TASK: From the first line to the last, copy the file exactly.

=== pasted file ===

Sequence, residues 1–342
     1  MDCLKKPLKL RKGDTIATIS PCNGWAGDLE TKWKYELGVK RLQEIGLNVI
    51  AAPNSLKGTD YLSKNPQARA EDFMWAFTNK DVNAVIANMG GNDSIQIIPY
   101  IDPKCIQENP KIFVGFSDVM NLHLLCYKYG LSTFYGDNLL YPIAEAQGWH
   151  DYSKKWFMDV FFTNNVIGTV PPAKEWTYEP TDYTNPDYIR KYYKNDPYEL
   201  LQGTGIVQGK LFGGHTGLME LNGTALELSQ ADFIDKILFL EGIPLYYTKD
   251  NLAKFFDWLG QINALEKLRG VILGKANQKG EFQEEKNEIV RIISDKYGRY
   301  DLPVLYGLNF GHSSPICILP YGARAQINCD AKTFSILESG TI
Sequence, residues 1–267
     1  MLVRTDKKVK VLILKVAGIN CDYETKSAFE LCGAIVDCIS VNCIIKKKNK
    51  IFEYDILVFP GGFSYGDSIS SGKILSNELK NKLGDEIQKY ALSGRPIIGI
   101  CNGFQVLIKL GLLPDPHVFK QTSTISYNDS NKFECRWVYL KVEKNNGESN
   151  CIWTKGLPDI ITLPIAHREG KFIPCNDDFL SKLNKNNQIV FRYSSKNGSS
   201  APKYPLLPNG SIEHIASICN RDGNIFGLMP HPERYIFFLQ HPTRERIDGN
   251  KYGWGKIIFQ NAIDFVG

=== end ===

Sequence, residues 1–342
     1  MDCLKKPLKL RKGDTIATIS PCNGWAGDLE TKWKYELGVK RLQEIGLNVI
    51  AAPNSLKGTD YLSKNPQARA EDFMWAFTNK DVNAVIANMG GNDSIQIIPY
   101  IDPKCIQENP KIFVGFSDVM NLHLLCYKYG LSTFYGDNLL YPIAEAQGWH
   151  DYSKKWFMDV FFTNNVIGTV PPAKEWTYEP TDYTNPDYIR KYYKNDPYEL
   201  LQGTGIVQGK LFGGHTGLME LNGTALELSQ ADFIDKILFL EGIPLYYTKD
   251  NLAKFFDWLG QINALEKLRG VILGKANQKG EFQEEKNEIV RIISDKYGRY
   301  DLPVLYGLNF GHSSPICILP YGARAQINCD AKTFSILESG TI
Sequence, residues 1–267
     1  MLVRTDKKVK VLILKVAGIN CDYETKSAFE LCGAIVDCIS VNCIIKKKNK
    51  IFEYDILVFP GGFSYGDSIS SGKILSNELK NKLGDEIQKY ALSGRPIIGI
   101  CNGFQVLIKL GLLPDPHVFK QTSTISYNDS NKFECRWVYL KVEKNNGESN
   151  CIWTKGLPDI ITLPIAHREG KFIPCNDDFL SKLNKNNQIV FRYSSKNGSS
   201  APKYPLLPNG SIEHIASICN RDGNIFGLMP HPERYIFFLQ HPTRERIDGN
   251  KYGWGKIIFQ NAIDFVG